which they relate. Three examples illustrate the types of issues that this problématique includes.
The first example concerns the political implications of seemingly technical matters such as
international economic institutions. The architects of the Bretton Woods agreements designed an
international monetary system built upon a dollar-gold standard. The values of international
currencies were fixed in terms of the US dollar, which was then defined as a fixed quantity of
gold. The responsibility for managing the international monetary system fell on the United States
for the most part since its dollar was the key reserve currency. The International Monetary Fund
provided a multilateral institution to manage the system and facilitate international payments.
Regardless of the theoretical advantages or disadvantages of such a system, the Bretton Woods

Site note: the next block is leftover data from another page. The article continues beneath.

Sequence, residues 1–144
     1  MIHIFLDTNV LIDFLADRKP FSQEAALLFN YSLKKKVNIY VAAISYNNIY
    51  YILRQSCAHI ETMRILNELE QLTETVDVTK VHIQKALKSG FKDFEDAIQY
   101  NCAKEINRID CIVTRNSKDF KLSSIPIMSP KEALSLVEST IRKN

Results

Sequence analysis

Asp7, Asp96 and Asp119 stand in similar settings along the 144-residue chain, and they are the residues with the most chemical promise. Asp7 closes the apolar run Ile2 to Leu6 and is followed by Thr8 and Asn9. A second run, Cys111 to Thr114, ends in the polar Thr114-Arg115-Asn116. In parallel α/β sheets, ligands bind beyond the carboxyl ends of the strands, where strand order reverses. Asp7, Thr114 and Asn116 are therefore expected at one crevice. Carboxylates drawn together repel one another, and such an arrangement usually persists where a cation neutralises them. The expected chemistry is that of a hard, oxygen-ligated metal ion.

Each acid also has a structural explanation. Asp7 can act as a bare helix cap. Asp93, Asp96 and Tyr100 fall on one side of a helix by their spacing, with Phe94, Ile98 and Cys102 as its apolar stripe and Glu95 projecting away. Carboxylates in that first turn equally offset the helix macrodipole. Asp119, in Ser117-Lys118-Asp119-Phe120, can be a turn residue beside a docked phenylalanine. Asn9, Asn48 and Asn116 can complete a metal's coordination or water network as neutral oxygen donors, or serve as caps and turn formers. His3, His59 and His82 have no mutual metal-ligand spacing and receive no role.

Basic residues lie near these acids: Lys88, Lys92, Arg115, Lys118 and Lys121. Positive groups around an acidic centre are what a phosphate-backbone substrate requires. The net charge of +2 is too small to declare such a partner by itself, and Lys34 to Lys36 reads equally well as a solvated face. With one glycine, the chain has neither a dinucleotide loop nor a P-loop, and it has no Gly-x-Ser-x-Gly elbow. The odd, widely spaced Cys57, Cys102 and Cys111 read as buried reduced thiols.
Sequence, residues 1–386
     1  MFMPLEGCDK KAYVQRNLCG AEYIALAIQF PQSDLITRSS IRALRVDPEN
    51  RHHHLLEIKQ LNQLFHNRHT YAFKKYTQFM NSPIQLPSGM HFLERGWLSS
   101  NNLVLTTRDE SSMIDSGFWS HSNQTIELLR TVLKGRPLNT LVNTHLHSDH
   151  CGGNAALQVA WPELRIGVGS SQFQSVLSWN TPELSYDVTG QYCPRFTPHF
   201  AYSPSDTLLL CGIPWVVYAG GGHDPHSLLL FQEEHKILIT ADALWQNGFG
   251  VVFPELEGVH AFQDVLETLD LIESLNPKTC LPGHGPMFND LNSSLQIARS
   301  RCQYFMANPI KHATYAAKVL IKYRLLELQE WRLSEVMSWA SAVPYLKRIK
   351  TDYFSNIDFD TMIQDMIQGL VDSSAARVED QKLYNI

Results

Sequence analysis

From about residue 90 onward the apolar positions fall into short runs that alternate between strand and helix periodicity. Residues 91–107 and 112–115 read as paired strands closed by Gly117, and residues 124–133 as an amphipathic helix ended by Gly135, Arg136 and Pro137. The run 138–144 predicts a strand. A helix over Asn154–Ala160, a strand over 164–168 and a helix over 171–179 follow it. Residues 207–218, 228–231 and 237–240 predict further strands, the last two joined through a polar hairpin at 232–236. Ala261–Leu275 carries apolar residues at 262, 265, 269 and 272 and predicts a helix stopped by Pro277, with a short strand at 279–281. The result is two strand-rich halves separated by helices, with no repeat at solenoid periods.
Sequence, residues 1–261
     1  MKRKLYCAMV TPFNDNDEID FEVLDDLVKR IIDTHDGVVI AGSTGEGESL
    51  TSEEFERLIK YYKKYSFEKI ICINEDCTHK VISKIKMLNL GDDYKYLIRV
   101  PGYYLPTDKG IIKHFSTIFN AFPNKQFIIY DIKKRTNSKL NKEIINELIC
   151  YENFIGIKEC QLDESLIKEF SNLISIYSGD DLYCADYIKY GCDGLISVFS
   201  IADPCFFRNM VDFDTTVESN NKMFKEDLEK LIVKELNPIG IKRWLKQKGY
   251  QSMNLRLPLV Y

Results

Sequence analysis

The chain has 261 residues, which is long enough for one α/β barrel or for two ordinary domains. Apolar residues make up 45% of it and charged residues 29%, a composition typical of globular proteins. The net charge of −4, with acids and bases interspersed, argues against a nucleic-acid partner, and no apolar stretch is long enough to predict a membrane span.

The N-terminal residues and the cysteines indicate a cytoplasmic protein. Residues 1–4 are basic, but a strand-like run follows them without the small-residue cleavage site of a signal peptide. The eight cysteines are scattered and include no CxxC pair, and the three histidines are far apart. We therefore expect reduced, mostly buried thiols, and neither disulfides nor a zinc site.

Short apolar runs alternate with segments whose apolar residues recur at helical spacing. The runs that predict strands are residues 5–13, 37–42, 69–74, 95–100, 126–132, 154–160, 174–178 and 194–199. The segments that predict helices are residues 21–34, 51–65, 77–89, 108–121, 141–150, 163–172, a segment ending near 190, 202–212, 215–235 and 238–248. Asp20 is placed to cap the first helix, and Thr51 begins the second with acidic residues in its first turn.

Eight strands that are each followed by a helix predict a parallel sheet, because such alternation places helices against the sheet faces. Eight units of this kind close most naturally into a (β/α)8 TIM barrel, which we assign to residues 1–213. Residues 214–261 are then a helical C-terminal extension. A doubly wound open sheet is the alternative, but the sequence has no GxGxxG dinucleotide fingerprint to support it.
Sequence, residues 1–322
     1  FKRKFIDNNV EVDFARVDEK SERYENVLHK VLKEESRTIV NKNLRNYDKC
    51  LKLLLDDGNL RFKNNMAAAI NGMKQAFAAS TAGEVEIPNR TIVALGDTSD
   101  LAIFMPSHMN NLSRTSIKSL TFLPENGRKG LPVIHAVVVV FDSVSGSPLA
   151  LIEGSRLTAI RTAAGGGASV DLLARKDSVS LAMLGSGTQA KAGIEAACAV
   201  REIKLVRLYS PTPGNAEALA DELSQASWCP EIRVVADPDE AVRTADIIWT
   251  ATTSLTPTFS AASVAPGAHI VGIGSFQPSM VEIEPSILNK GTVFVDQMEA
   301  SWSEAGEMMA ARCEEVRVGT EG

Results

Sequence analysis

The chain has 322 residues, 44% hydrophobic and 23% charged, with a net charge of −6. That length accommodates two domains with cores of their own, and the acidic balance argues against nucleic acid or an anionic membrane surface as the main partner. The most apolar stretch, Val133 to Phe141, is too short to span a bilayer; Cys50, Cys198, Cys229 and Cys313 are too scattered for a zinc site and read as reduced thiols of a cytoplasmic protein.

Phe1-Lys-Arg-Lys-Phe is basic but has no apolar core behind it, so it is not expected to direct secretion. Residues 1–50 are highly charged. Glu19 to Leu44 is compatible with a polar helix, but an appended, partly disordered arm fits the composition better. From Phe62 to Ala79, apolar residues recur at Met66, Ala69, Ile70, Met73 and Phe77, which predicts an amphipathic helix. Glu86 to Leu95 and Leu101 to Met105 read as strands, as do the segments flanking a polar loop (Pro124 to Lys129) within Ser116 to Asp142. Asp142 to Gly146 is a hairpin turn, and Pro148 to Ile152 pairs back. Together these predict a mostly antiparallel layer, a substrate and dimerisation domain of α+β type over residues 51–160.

system presented a very practical dilemma for the United States. As the one nation that could
undertake virtually any amount of expenditure without consequence because of the dollar's
central position in the international monetary system (the US could have "deficits without




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tears"), the US was confronted with an inevitable choice between its domestic needs and its
international responsibilities. The problem is this: at some point, the US was likely to feel the
need to put its domestic political concerns ahead of its responsibility to the international
monetary system. At this point it would become the Imperious Economy, in David P. Calleo's
famous phrase, and the system would begin to break down. The Bretton Woods monetary system
did in fact finally fail on August 15, 1971, as noted above, when the U.S. formally removed the
fixed link between the dollar and gold.